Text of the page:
- Two wonderful leopard sightings.
- The wonderful interaction between a male lion and his young cubs.
- A pair of honey badgers sighted during the day time and very close to Sausage Tree camp.
- One hippo trying to kill another during a night game-drive. This is one sighting that I will remember for its cold-blooded brutality rather than its beauty.

Biggest Regret

- Jayna and I went for a game-drive every single morning EXCEPT one (at Chiawa) – where we decided to go for a guided walk instead. That morning the Chiawa game-drive found 3 wild dogs while they were hunting and by the time they caught up with them, they were already feeding on an impala. By the afternoon game-drive, the dogs had moved on. If someone had asked me before the trip to choose between wild dog and python - then python would have been my first choice (as I had seen wild dog before in South Africa).

More to follow soon ......
Africa is offline  
Jun 9th, 2006, 12:28 PM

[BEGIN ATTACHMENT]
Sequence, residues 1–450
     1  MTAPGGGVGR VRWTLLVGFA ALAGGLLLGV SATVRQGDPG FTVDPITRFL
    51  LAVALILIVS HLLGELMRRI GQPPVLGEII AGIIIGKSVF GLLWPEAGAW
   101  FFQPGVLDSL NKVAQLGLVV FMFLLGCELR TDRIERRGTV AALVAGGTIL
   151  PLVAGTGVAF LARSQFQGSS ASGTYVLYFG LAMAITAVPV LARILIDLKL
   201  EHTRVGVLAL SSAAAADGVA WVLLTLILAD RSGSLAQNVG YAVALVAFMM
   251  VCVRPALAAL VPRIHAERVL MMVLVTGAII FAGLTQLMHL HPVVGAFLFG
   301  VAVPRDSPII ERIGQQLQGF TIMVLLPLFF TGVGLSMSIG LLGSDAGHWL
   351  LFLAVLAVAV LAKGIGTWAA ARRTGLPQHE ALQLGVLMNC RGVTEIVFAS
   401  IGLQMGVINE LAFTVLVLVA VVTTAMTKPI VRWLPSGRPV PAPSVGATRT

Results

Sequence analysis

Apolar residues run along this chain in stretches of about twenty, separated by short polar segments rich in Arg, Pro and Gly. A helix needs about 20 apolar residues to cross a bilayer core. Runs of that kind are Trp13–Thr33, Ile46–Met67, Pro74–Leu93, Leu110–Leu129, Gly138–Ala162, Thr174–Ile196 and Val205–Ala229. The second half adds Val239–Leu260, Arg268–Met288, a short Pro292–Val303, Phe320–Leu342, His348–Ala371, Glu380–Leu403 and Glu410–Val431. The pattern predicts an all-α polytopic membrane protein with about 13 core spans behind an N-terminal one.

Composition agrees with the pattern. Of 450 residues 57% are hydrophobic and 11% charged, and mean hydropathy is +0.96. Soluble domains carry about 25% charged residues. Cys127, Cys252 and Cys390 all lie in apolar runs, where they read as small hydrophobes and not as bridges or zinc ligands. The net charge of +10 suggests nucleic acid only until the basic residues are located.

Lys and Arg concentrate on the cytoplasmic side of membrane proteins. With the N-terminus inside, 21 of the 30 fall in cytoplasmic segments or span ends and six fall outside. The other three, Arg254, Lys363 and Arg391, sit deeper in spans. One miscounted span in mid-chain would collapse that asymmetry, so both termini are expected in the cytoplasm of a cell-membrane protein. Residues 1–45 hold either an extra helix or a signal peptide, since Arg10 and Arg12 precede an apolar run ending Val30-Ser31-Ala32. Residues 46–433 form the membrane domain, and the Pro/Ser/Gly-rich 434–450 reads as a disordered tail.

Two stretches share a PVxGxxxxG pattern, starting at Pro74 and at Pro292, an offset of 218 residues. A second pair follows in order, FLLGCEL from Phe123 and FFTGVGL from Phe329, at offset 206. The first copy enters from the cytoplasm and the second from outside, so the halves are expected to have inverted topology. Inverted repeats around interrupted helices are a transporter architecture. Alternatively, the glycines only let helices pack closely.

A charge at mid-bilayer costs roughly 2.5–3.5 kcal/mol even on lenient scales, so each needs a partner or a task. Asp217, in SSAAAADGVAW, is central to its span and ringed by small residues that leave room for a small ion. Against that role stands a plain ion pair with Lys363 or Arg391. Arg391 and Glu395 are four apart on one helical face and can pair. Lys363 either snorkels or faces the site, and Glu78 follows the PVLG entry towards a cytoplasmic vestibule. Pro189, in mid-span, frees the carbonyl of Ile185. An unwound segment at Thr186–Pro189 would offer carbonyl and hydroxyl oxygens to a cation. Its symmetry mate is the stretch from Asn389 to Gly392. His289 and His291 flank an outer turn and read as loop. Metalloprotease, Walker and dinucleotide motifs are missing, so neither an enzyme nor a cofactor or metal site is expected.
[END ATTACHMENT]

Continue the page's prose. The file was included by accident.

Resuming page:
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More more more! Can't wait!
Kavey is offline  
Jun 9th, 2006, 12:46 PM
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Your pictures are amazing - We are headed to Namibia in Sept., and in the process of researching cameras. What type of camera and lens did you use ?

Thanks !
shunter is offline  
Jun 9th, 2006, 02:37 PM
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Great material so far! Before you get too much further along, I would propose that the actual trip report be placed in its own thread.

The Rock Python was an amazing sighting as was the hippo fight, unfortunate as it was for the defeated hippo.
Roccco is offline  
Jun 10th, 2006, 02:42 AM
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Thanks Rocco - I will start a new thread titled "Trip Report - Lower Zambezi National Park" I will also incorporate the camera details and the info regarding the two camps (I'm getting quite a few requests by email) - please bare with me, it will be up soon.
Africa is offline  
Jul 8th, 2006, 06:01 PM
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How did I miss this? fabulous report and photos! OMG - you got some fabulous shots of Douglas - We only saw him once, in the bushes. LOVE that final sequence. Unbelievable. Brought back a lot of memories. Thanks!~

cooncat3 is offline  
Jul 9th, 2006, 11:07 AM
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Thanks Cooncat.

As I was leaving the Lower Zambezi, the rest of the Fodorite army were just arriving - so I missed everyone.

The full report with some more pictures taken by my wife can be found here:
Africa is offline